I’ve always been curious, but was too winterized to ask, I guess. Now that summer is here and my brain has thawed, I stumble across the expression, good summer read everywhere. In fact, since the words now float in the air around us like pollen procreating just as fast with each turn of the road, I have got to know. What constitutes a summer read?
All over the Internet, summer book clubs emerge. All of them proclaim their summer lists of summer reads flaunting beach pictures, long chairs amongst the flowers, and my favorite, pools with their well-stocked patios. Yet, among these lists while I expected to find light romance novels or delicate bouquets in clingy forms of women fiction, I was surprised to find everything from biographies to thrillers and mysteries and I still can’t figure what sets a summer read apart from any other time of the year.
I asked some of my friends what they thought the expression of summer read might mean. Some said a summer read was something you could easily put down if you needed to do something better, like greet friends or go biking. Another, quite a few years younger than I am, insisted a summer read to be a romantic story she could bring on the beach as she pretended to be absorbed while keeping an eye out for the lone strutting stud.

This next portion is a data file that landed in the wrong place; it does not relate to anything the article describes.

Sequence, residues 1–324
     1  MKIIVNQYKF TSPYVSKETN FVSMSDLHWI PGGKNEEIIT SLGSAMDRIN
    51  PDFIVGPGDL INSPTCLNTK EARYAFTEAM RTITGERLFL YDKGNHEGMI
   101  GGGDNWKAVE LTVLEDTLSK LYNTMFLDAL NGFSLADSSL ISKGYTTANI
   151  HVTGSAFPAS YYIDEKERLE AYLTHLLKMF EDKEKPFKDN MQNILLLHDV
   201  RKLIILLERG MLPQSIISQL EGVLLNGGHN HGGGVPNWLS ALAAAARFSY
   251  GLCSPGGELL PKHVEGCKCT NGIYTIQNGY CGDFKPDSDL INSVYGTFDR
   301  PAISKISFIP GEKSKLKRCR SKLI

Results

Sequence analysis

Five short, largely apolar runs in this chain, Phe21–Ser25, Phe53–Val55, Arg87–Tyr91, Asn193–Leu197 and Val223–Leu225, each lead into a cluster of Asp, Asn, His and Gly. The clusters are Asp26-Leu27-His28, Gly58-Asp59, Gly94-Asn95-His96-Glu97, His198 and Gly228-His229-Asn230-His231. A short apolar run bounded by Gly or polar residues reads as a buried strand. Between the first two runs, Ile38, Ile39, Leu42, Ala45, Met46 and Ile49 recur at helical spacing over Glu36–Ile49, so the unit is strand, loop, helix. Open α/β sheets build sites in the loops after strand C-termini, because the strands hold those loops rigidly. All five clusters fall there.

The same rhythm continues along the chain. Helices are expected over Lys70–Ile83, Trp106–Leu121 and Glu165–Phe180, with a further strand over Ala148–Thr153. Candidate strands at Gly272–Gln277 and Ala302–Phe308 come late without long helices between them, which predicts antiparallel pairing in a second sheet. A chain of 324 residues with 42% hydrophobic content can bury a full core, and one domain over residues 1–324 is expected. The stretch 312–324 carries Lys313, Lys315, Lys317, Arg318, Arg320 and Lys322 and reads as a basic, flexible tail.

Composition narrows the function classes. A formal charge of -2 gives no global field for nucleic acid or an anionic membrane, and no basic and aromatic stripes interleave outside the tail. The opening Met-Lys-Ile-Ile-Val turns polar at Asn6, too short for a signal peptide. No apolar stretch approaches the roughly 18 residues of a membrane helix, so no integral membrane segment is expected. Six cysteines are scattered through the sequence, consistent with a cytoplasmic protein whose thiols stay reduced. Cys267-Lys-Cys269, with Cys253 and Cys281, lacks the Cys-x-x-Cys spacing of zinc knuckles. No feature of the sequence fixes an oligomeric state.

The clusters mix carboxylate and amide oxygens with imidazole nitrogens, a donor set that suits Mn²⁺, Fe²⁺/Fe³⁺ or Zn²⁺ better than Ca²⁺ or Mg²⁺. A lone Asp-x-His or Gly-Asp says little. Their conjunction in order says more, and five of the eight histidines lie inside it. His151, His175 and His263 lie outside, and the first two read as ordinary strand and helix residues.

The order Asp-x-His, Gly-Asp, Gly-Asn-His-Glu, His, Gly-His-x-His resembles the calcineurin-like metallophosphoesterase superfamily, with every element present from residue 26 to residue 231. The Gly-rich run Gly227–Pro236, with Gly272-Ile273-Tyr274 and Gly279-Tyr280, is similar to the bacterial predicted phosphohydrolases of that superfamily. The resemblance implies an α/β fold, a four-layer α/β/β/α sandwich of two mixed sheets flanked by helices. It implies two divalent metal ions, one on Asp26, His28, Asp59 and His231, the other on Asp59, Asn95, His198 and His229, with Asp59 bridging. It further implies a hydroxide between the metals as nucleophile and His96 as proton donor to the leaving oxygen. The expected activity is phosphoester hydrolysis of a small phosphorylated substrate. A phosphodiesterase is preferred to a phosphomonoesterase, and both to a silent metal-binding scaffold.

Just when I was about to give up, a group of friends I see at work once a month were unanimous in their finding. They believed in the summer, because there is more leisure to read and do so outdoors, they enjoyed the heavy drama and complex mysteries, the can’t-put-down genre, the blockbuster novels capable of replacing the reigning indoor master of entertainment: television.
Frankly, if anyone has a different idea, I would welcome your answers right here on my blog: http://www.josslandry.com where I will pick the best one at the end of the month and give their name some well-deserved recognition.